Breaking News:We Just Won an Old Fight

DEA's "Project Deliverance" Will Undoubtedly Fail to Deliver

DEA acting chief Michele Leonhart, and her boss, US Attorney General Eric Holder, are bragging about a major, DEA-led operation that has netted 2,200+ arrests, with pounds of drugs and millions of dollars seized. "Project Deliverance" involved more than 300 law enforcement agencies, more than 3,000 DEA agents, and took 22 months. According to DEA's press release, they captured 1,262 pounds of methamphetamine, 2.5 tons of cocaine, 1,410 pounds of heroin, and 69 tons of marijuana, plus $154 million. Michele Leonhart announcing ''Project Deliverance'' Operationally, Deliverance was certainly a big project -- it's easy to see why they're excited. And for the thousands of people throughout the US who were arrested in it, it's a life-changing event, though for the worse. But will Project Deliverance make any real difference in drug use and the drug trade? Is the operation really a big deal, when examined next to the reality of drug use and the drug trade in the United States today? I hate to be a wet blanket, but if history is a guide, Project Deliverance will have no long-term impact on the drug trade. Though notable in its scale, the operation is only one of many carried out by the US and allied governments over decades. During that time, the measure of drug availability -- price, an increase implies a product is less available, relative to its demand* -- has gone in the opposite of the intended direction, and dramatically. For example, the average US street price of cocaine is less than a fifth in real terms than it was in 1980. Previous drug sweeps have seen their temporary gains erased in just one or two weeks. The reason is that the big sounding numbers touted by Leonhart, while large for the agency and our government, are small compared with the drug trade. Deliverance's 2.5 tons of cocaine constitutes less than one percent of the 300 metric tons of cocaine the government estimates are consumed annually in the US. So does the 69 tons of marijuana. They did get a few percent of the heroin, if numbers don't deceive, but even that's still small. And the 2,200 alleged dealers and traffickers arrested in Project Deliverance make up a similarly tiny fraction of the hundreds of thousands of people employed in the US by the illegal drug trade. Some drug businesses will doubtless be extinguished by Project Deliverance, but others will have little difficulty replacing the lost supply or filling the open positions. And how much powder or weed did the investigators let go by during the 22 months it took to complete the operation? How much will they have to let slip by during the months or years it takes to mount the next one? In an uncharacteristically "big picture" review published a few weeks ago, the Associated Press declared the 40-year drug war a failure by every measure. Will media follow that lead and go beyond the surface in their reporting on Project Deliverance? I have a few suggestions for those intrepid reporters who would like to:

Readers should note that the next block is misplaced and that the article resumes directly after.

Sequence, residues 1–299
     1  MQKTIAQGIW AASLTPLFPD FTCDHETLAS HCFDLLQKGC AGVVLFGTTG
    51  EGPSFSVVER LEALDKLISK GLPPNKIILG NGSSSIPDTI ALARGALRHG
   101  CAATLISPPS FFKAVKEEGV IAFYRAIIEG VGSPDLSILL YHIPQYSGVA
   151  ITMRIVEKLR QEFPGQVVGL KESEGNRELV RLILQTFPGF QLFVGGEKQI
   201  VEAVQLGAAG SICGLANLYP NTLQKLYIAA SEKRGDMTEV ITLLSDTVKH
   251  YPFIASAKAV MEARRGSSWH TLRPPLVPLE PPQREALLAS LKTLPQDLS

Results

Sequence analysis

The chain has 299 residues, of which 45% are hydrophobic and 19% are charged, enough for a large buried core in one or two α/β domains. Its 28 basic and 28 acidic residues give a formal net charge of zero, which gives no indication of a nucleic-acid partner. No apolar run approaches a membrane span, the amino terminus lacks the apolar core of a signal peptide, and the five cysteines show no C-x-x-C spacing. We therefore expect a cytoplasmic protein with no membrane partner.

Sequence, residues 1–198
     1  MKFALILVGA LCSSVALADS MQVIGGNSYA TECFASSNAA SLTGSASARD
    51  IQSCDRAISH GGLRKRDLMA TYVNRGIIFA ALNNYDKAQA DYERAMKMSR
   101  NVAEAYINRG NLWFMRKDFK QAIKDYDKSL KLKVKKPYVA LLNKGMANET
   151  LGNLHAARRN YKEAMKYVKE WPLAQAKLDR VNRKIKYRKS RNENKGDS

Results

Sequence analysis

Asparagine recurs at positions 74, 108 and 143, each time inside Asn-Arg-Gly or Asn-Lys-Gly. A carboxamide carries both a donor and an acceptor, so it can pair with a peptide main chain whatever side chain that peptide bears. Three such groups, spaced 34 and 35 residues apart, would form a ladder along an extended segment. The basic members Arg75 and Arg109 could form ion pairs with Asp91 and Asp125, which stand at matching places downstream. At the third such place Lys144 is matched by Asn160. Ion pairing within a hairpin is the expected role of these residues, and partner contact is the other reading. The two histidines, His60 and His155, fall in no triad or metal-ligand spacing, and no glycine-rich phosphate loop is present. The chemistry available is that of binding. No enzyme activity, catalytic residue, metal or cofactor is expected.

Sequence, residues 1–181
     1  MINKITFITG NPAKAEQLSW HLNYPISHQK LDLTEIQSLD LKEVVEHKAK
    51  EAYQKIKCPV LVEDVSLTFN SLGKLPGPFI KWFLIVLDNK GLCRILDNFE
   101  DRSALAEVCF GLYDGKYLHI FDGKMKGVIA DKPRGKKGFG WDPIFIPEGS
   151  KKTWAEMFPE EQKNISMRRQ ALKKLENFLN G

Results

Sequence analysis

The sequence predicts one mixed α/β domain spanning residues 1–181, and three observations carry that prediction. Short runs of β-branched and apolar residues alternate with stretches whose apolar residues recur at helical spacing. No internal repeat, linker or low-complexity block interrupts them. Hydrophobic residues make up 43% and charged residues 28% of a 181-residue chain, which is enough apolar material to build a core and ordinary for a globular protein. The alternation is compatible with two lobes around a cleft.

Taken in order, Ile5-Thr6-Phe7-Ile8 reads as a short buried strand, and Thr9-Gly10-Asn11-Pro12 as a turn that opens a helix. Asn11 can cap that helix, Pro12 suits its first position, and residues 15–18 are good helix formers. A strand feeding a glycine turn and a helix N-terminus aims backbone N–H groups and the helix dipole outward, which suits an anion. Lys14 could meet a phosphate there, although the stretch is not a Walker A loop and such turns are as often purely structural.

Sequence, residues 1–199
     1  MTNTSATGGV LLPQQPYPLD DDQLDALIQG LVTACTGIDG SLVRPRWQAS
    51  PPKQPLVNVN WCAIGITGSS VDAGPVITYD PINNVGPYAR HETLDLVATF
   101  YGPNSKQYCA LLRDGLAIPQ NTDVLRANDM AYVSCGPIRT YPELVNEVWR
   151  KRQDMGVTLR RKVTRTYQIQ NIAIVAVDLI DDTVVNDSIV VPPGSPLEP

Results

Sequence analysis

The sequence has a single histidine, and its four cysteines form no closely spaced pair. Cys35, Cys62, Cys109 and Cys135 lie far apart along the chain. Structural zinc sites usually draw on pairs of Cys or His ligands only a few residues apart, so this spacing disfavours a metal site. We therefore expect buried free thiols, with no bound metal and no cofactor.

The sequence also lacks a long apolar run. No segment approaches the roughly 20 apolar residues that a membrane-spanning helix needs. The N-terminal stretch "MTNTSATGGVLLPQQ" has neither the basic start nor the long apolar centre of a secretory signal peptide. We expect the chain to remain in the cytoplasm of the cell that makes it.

• Ask DEA or DOJ spokespersons if they expect the substances targeted in the sweep to be less available to US consumers of them, and if so for how long.
  • Ask them if previous operations, individually or collectively, have had that effect. If they say yes, ask them to be specific as to what their evidence is, and compare it with numbers like the aforementioned cocaine prices.
  • Do some follow-up, say two or three weeks from now. Ask government officials, cops who walk the drug beat, and drug users, what if any difference they saw in the supply of the targeted drugs, and if so if they see still any. Follow up again in one or two months. See if DEA will give you early access to the price data.
Be forewarned, though, DEA reps will probably be less excited to address those questions than they were for the press conference. * Nitpickers and drug war defenders may point out that demand for cocaine has also dropped since 1980, and that the price drop could be explained that way. No dice -- frequent, "hardcore" cocaine and other drug use remained roughly constant despite a drop in the number of "casual" users, and it's the frequent users who account for the vast majority of the consumption.
Permission to Reprint: This article is licensed under a modified Creative Commons Attribution license.
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what a surprise. here they

what a surprise. here they are yet AGAIN attempting (and failing) to convince us that our money is doing more than it really is doing (virtually nothing). This rat race never ends. they won't back down until every last state in the US opposes them.

unless we downsize them by a factor of at least 300% of course. (i say 300 because bush tripled the federal governments size, thanks you dumb bastard.)

There's a be careful what you wish for issue here

If you succeed in making hard drugs scarce, driving up the price, more crime has to be committed to pay for some addicts' use. Better the price stays lower and the risk of hard drug use is borne much more by the the users themselves, not the general public.

Project Deliverance?

The only thing being 'delivered' here is millions in revenue for rival gangs and anyone willing to meet the demands of a lucrative black market.

I predict this 'transportation infrastructure' to be replaced in a month. Or less.

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